However, they might do the extension to $F(x,\theta)$ and force the $F(x,\theta)$ is a constant in $\theta$ when $\theta>\pi$. Anyway, if you want to numerically solve the following equation: \begin{align*} \frac {\partial F}{\partial x}+\left(\frac {2}{\beta}\sin^{4} \theta\right)\frac {\partial^{2} F}{\partial \theta^{2}}+\left(\left(x+\frac {2}{\beta}\sin 2\theta\right)\sin^{2}\theta-\cos^{2}\theta\right)\frac {\partial F}{\partial \theta}=0,\quad 0<\theta<\infty,\quad x<10 \end{align*} \begin{align*} F(10,\theta)=\begin{cases} \Phi\left(\frac {10-\cot^{2}\theta}{\sqrt{\left(4/\beta\right)\cot \theta}}\right)\quad &0\leq \theta\leq \pi/2\\ 1\quad &\pi/2\leq \theta \end{cases} \end{align*} \begin{equation*} F(x,0)=0,\quad x<10 \end{equation*}

You can use the finite-difference method.

To use the finite-difference method, we first need to set up grid points: For example, you can define $$ x^0=10,\quad x^n=x^0-n\Delta x=10-n\Delta x $$ and $$ \theta_0=0,\quad \theta_m=\theta_m+m\Delta\theta\,. $$ where $m,n\in\mathbb{N}$. Then we denote the approximation of $F(x^n,\theta_m)$ by $F^n_m$.

Since you want solution at $x=-10$ with $\theta\in[0,2\pi]$, we denote denote $M=\frac{2\pi}{\Delta \theta}$ the number of grid points and $N=\frac{20}{\Delta x}$ the steps you need to run. Because it only has one side boundary condition $\theta=0$, we should use forward difference. More specifically, from step $n$ to $n+1$, according to the equation, we can get $F^{n+1}_m$ by solving \begin{equation} \begin{aligned} &\frac{F^{n+1}_m-F^{n}_m}{\Delta x}=\left(\frac {2}{\beta}\sin^{4} \theta_m\right)\frac {F^n_{m+1}-2F^n_m+F^n_{m-1}}{\Delta \theta}\\ &+\left(\left(x^n+\frac {2}{\beta}\sin 2\theta_m\right)\sin^{2}\theta_m-\cos^{2}\theta_m\right)\frac {F^n_{m+1}-F^n_m}{\Delta \theta}=0 \end{aligned}\,,\quad 0<m<M,\ 0\leq n\leq N-1\tag{1} \end{equation} And we always let $F^{n+1}_0=0$. However, there is a problem. From (1), you can notice that we haven't updated $F^{n+1}_M$. For example, you don't know how to calculate $F^1_{M}$ since you need to know $F^0_{M+1}$ if you want to use (1).

To overcome this problem, we need to use the initial condition is defined for all $\theta\geq 0$. According to the initial condition, we know the value of $$ F^0_m,\quad \forall 0\leq m\leq N+M\,. $$ Then, in each step, instead of (1), we can use \begin{equation} \begin{aligned} &\frac{F^{n+1}_m-F^{n}_m}{\Delta x}=\left(\frac {2}{\beta}\sin^{4} \theta_m\right)\frac {F^n_{m+1}-2F^n_m+F^n_{m-1}}{\Delta \theta}\\ &+\left(\left(x^n+\frac {2}{\beta}\sin 2\theta_m\right)\sin^{2}\theta_m-\cos^{2}\theta_m\right)\frac {F^n_{m+1}-F^n_m}{\Delta \theta}=0 \end{aligned}\,,\quad 0<m<M+N-n,0\leq n\leq N-1\tag{2} \end{equation} where we notice that $m$'s upper bound is changed to $M+N-n$. The reason is similar to before. Since we know $F^0_m$ for $0\leq m\leq M+N$. Using (1), we can obtain $F^1_m$ for $0\leq m\leq M+N-1$. Iteratively, we can obtain $F^n_m$ for $0\leq m\leq M+N-n$. Using (2), we can always update $F^{n}_M$ when $n\leq N$. Thus, we can obtain an approximation to $F(-10,\theta)$ for $\theta\in[0,2\pi]$. I think their paper also means similar idea by focusing on a larger interval.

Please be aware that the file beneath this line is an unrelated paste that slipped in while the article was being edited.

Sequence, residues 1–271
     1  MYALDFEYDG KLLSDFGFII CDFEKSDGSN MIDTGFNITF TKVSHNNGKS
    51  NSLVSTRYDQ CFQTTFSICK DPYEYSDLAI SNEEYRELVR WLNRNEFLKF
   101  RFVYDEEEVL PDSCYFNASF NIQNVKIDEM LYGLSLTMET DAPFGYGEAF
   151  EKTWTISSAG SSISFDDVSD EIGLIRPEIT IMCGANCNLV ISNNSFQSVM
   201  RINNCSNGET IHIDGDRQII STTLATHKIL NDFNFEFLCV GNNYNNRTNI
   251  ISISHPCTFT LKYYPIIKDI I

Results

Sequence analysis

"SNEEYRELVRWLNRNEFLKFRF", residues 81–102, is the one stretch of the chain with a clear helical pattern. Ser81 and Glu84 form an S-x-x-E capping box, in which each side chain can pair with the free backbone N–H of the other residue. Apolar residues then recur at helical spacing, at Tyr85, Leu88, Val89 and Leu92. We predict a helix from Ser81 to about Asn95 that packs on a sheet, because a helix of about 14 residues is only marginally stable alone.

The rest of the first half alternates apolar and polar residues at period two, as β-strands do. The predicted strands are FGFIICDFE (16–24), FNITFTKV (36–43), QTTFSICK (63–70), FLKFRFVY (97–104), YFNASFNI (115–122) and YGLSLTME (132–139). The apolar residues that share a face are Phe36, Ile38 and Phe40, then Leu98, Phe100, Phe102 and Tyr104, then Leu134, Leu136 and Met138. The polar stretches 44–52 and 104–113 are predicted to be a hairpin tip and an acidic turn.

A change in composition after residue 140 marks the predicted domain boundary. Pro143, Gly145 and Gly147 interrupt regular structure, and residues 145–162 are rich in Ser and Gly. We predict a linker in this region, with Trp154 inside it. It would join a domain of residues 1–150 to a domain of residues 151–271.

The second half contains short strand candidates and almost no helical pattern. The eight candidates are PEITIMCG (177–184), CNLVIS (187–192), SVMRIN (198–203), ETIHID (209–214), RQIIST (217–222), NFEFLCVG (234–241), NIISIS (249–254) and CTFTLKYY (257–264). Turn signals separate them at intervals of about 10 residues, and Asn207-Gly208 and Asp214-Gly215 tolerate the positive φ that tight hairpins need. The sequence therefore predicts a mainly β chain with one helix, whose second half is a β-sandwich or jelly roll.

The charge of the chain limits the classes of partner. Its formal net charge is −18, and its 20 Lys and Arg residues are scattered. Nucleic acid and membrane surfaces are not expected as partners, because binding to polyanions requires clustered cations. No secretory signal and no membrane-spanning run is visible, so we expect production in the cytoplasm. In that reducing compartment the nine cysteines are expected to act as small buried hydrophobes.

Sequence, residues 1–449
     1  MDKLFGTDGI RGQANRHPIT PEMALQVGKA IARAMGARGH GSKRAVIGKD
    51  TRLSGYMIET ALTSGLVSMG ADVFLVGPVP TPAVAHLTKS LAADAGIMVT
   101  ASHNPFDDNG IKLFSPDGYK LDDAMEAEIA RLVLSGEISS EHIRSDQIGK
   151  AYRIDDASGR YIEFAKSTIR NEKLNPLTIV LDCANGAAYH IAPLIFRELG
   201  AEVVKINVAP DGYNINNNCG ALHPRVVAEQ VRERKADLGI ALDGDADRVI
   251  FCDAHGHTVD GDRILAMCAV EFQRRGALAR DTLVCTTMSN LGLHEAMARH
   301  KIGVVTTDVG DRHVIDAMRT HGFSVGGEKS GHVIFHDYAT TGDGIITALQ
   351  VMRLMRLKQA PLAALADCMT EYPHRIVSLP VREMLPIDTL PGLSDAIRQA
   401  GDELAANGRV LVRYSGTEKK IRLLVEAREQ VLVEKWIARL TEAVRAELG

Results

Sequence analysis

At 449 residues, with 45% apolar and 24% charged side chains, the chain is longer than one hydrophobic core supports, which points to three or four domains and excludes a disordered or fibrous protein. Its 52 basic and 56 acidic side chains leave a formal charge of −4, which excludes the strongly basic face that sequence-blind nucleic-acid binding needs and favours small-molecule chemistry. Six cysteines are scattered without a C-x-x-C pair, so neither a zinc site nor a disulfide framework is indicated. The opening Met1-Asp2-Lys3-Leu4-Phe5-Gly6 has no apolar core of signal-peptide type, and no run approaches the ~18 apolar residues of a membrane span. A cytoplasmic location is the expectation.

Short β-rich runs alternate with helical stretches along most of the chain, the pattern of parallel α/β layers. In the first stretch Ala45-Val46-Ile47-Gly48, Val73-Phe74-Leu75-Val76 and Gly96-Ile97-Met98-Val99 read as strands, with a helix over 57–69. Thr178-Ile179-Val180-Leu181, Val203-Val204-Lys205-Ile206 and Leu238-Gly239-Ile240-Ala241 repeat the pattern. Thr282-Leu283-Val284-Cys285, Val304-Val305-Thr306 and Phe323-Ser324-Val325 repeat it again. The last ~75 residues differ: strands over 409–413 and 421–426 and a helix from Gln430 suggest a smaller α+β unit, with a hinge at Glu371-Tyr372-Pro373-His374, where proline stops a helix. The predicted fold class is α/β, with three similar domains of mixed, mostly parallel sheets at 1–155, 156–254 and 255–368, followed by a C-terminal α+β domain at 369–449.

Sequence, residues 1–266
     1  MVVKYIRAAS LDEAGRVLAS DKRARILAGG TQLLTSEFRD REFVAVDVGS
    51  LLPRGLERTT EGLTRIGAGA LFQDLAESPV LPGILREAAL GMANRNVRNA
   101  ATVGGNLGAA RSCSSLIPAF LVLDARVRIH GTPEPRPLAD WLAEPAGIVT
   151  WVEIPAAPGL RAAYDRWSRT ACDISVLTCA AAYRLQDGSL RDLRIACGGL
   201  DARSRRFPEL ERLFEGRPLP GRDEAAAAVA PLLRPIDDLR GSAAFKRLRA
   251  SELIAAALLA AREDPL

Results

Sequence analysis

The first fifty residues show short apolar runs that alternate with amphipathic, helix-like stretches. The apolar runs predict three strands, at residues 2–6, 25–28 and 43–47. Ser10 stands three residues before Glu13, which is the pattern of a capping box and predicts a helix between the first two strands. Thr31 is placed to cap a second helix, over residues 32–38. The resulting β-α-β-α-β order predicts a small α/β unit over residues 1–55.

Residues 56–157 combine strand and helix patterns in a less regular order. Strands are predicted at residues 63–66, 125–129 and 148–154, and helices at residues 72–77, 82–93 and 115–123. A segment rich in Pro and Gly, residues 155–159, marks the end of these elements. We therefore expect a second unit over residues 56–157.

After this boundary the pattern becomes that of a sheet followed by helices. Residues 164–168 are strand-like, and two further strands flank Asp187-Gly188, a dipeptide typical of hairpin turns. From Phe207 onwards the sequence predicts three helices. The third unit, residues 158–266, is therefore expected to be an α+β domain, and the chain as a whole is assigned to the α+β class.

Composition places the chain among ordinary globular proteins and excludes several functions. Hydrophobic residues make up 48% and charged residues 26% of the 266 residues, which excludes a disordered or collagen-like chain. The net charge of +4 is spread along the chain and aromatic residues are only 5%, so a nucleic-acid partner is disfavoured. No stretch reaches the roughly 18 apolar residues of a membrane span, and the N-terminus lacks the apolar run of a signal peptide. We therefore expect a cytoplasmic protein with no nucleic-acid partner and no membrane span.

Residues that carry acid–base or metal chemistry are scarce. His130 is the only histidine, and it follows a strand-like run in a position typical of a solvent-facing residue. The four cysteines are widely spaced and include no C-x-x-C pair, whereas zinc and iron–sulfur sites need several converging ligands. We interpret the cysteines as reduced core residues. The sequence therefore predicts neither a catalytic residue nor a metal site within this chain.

$\endgroup$
3
  • $\begingroup$ Hi, thank you for your answer. I have two questions. The first one is I wonder how did you get $M+N$ to be the upper bound of $m$ and subtract $n$ from it in each iteration? The second one is I wonder if $x$ should be $x^n$ in each iteration. $\endgroup$ Commented Jul 25, 2021 at 2:40
  • $\begingroup$ @Jiexiong687691 For the first question, the upper bound for $m$ in $n$-th step is $(M+N-n)$, the reason is stated in (1). For the second question, yes, I fixed the typo. $\endgroup$
    – Zhiyan
    Commented Jul 25, 2021 at 14:34
  • $\begingroup$ @Jiexiong687691 I guess I didn't answer your first question clear. At the initial condition, we can choose any upper bound for $m$ at $n=0$ since we know F(10,θ) for every θ. Then in (1), we can see that if you obtain $F^{n+1}_m$, we need to know $F^n_{m+1}$. That's why we need to subtract $n$ from the upper bound in $n$-th step. Hope this can help you. $\endgroup$
    – Zhiyan
    Commented Jul 25, 2021 at 19:35

You must log in to answer this question.

Not the answer you're looking for? Browse other questions tagged .